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I am building an ESP32 WROVER-based custom PCB which includes CANbus 2B communications. This PCB is a copycat of my breadboard project.

Though on my breadboard version, the CANbus works like. charm, my custom PCB doesn't: I get those errors (extracted from my logs):

CANbus alerts #1: 0x0980 occurred (00000000 00000000 00001001 10000000)
CAN: ALERT_ABOVE_ERR_WARN
CAN: ALERT_BUS_ERROR
CAN: ALERT_ERR_PASS

Those errors meanings are as follows:

  • CAN_ALERT_ABOVE_ERR_WARN: One of the error counters have exceeded the error warning limit
  • CAN_ALERT_ERR_PASS: CAN controller has become error passive
  • CAN_ALERT_BUS_OFF: Bus-off condition occurred. CAN controller can no longer influence bus

On my breadboard version, I use the Waveshare CAN CANbus transceiver whose data sheet is right there: https://www.waveshare.com/wiki/SN65HVD230_CAN_Board.

On the PCB I use the MCP2551 whose data sheet is right there: http://ww1.microchip.com/downloads/en/devicedoc/21667d.pdf

On the PCB, I attached Rs to a 10kOhms to ground.

The H/L wires are quite shorts (1m) and using or not a 120 Ohms does not change anything.

I would appreciate any help on the matter, any clue or ideas for further investigations.

The Waveshare transceiver schematics

enter image description here

[UPDATE] Our PCB schematics sporting the MCP2551

enter image description here

[UPDATE] Adding information that Pynomial talked about in his answer.

  • We use a 250kbauds speed;
  • The BMS (battery management system) devices attached to the CANbus sports a 120ohms resistor between H and L =W this is why we did not put an extra one on our PCB.

Working on the PCB exclusively from now on => it works

After hours of investigations, I did 2 things:

  • I do not longer work on the breadboard but exclusively on our custom PCB => I guess the differences between the two makes me lose my time, so I prefer to get into that later on;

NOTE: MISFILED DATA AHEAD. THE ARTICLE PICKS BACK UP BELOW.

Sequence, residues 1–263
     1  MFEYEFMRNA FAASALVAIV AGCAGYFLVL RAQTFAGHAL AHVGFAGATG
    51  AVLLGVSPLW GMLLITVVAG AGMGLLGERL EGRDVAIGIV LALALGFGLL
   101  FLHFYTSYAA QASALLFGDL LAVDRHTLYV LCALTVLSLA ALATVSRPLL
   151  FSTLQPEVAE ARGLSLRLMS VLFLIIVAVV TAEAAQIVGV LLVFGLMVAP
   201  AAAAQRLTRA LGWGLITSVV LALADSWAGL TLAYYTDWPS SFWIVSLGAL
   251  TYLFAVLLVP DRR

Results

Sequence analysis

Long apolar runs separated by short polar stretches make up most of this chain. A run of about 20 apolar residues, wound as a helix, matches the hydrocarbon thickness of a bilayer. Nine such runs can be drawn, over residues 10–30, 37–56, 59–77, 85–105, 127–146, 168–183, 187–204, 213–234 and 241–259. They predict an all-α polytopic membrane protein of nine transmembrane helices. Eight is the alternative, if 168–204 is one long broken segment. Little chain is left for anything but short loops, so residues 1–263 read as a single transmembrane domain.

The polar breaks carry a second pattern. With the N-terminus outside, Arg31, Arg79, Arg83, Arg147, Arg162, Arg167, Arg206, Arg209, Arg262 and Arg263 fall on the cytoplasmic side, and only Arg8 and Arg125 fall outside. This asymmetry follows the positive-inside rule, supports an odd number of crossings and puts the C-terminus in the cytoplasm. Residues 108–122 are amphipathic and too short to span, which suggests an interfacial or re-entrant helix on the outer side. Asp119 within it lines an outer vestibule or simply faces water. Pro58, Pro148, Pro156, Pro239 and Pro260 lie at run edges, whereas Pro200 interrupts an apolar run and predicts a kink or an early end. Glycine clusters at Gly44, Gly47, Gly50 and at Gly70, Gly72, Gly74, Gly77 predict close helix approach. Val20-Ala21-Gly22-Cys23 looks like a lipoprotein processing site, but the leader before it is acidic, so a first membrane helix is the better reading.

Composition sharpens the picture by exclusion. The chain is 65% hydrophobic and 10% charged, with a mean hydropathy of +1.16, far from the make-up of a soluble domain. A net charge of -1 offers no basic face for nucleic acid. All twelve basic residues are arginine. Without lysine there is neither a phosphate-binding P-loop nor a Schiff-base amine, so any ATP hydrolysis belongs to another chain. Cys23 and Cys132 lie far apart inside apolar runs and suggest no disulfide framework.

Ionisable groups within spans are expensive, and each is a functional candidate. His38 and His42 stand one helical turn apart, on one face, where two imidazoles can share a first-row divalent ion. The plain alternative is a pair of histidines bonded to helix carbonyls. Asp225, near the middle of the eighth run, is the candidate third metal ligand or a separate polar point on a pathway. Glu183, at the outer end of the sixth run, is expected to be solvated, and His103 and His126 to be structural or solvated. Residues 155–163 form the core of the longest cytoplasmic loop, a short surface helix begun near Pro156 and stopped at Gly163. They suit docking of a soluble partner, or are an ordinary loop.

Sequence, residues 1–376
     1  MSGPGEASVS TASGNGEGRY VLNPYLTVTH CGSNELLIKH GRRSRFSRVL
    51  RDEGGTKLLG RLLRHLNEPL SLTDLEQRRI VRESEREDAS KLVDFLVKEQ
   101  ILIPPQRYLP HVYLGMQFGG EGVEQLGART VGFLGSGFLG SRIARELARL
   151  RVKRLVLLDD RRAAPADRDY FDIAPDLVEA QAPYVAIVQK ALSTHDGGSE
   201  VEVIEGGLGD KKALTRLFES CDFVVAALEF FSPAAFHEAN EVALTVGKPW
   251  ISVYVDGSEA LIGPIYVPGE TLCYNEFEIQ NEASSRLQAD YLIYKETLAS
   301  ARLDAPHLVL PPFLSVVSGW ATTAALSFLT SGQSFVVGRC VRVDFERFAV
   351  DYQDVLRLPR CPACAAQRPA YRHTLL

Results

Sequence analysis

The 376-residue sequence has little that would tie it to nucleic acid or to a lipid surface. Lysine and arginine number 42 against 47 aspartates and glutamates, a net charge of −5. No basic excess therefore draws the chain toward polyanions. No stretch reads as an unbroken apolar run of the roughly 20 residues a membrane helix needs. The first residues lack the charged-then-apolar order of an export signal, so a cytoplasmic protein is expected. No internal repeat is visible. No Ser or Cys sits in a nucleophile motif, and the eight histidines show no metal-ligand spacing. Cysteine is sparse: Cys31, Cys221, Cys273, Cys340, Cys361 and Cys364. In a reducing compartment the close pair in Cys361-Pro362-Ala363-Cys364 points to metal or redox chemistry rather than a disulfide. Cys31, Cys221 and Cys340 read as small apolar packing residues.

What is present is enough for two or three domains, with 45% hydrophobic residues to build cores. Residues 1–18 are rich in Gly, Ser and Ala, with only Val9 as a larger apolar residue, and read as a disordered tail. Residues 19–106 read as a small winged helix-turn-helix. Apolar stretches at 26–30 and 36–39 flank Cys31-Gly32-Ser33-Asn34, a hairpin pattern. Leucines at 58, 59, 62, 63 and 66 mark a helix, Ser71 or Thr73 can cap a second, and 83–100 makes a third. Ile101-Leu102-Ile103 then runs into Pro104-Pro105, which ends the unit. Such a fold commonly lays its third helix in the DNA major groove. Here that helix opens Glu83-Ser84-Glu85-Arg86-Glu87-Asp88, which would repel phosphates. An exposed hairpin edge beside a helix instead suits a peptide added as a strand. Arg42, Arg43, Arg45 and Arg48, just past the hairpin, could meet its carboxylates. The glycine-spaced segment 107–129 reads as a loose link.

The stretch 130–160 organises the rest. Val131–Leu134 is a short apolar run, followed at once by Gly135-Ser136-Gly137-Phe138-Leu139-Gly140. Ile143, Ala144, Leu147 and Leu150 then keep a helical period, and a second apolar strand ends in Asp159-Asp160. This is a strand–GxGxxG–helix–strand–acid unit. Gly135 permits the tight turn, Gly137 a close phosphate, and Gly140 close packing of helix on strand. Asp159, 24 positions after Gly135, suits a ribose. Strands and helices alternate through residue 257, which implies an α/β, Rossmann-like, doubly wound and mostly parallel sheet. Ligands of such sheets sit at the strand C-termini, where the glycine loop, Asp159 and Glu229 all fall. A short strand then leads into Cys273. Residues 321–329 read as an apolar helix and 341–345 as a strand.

• I dumped the Arduino lib for the CANbus in favour of the Espressif CANbus driver.

By doing those two things, the CANbus now works.

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Could be a bunch of reasons reasons.

I think the most likely is logic levels. You had a working circuit with the SN65HVD230, which is a 3.3V part. The MCP2551 is a 5V part. The TXD pin is a TTL-compatible input, so if you're trying to drive it with 3.3V logic it won't work. The nominal threshold voltage for that pin is 0.75*VDD, i.e. 3.75V for a 5V supply. You'll need logic level conversion if you're driving from 3.3V.

Something else to be aware of is that you can't swap CANH and CANL. If you accidentally swapped CANH/CANL, the bus won't work reliably.

You picked slope-control mode by tying the Rs pin to ground with a resistor. The 10k resistor you used applies the maximum slew rate of around 23.5V/µs (see Figure 1-1 in the datasheet). This isn't necessarily a problem, but it depends on the bus rate you're trying to achieve. The datasheet states that for high-speed you'll want to put the MCP2551 in high-speed mode. This language isn't arbitrary: low-speed and high-speed have specific meanings in CAN standards. ISO 11898-3 is "low-speed" CAN, which operates at up to 125Kbps. ISO 11898-2 is "high-speed" CAN, which operates at up to 1Mbps.

If you take a look at the AC characteristics section, there's a specification in there for slew rates. They note that a 47kΩ resistor results in a slew rate between 5.5V/µs and 8.5V/µs. Compare this to the graph for Rs resistor values:

Graph of MCP2551 slew rate vs. Rs resistance

This implies that the resistor is setting the maximum slew rate, and the actual slew rate may as little as 65% of the maximum.

In the case of a low speed bus, you'll want to try to pick the right slew rate to match the data rate. The slew rate is the \$\frac {dV} {dt}\$, and high \$\frac {dV} {dt}\$ can lead to more ringing, EMI, and cross-talk. You generally want to pick the slowest slew rate that is reliable for your data rate. A good rule of thumb is that your slew rate should allow the bus to go from its minimum voltage to its maximum, and vice versa, in 5% of the bit period. You can calculate this as follows:

$$SR = \frac {r (V_{max} - V_{min})} {p \times 10^{6}}$$